Yes, there’s a problem here in the journalism industry. Photographers are key to driving engagement and traffic, but they’re also the first to go because management simply does not get it. If they’re indoctrinated to treat photojournalists as second-class citizens from their foundational education, why would they? If there are no photojournalists in the ranks of faculty, how are students supposed to gain that interest?
Moreover, it will be hard for the public to take the news media seriously when its photojournalism presence in the community is reduced to smartphone cameras in the hands of writers without a specialization in photography. Part of the job of the photojournalist is to transport people to places they cannot experience themselves through images. If the photograph of a football game is the same from the journalist as it is for the smartphone-wielding public in the stands, the entire publication loses credibility, photo by photo, paper by paper.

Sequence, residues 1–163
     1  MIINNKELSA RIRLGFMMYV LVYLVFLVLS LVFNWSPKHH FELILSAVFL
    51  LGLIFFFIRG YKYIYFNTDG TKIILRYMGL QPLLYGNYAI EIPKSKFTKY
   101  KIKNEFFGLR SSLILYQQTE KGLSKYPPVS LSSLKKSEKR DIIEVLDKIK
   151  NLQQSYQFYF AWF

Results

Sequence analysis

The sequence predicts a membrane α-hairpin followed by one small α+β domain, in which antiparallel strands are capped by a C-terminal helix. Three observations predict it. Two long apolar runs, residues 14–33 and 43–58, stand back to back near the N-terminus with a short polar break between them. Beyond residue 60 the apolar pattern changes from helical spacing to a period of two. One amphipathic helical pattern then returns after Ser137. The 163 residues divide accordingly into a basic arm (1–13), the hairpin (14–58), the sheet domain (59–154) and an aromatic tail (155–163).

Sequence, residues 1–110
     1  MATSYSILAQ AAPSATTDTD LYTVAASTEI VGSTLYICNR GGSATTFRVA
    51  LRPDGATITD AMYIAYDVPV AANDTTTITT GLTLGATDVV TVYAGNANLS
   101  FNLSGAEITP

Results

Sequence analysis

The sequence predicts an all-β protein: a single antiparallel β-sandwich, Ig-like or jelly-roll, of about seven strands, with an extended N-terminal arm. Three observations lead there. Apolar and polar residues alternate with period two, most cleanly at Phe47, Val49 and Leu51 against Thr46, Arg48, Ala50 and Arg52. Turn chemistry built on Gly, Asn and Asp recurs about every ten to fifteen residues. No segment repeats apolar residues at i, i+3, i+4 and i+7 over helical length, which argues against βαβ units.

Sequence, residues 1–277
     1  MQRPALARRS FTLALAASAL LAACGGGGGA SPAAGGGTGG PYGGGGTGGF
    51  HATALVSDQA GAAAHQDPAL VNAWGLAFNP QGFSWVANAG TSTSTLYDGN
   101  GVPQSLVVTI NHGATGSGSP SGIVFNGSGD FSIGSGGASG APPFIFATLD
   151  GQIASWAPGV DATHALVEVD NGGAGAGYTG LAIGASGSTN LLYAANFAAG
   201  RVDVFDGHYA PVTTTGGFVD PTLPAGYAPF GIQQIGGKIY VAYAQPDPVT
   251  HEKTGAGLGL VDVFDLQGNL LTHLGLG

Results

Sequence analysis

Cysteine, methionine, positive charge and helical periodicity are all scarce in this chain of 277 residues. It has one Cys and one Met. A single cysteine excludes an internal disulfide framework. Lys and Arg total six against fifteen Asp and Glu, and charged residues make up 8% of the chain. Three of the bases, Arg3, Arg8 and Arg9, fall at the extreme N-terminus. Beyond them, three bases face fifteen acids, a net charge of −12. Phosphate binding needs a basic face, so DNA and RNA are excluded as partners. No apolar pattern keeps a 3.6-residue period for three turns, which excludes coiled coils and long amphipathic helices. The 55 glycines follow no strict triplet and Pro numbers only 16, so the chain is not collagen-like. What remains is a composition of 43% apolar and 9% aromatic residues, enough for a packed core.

Where to Go From Here
It’s time for schools to step in and fill in the void by rethinking curriculums to introduce students to photojournalism earlier in their educational journey. It’s important to offer more required classes in the journalism curriculum to reinforce the importance of visuals and specifically photography.
This is no easy task. It costs much more for schools to invest in expensive cameras and lenses than it does for reporter’s notebooks and pens. But many schools have no problem investing in the tools to equip students for broadcast journalism, and so too must they invest in the proper tools for photojournalism. The long-term health of photojournalism is depending on this investment. It’s only in this way newsrooms down the road will be able to correct mistake they’re making by laying off photojournalists today.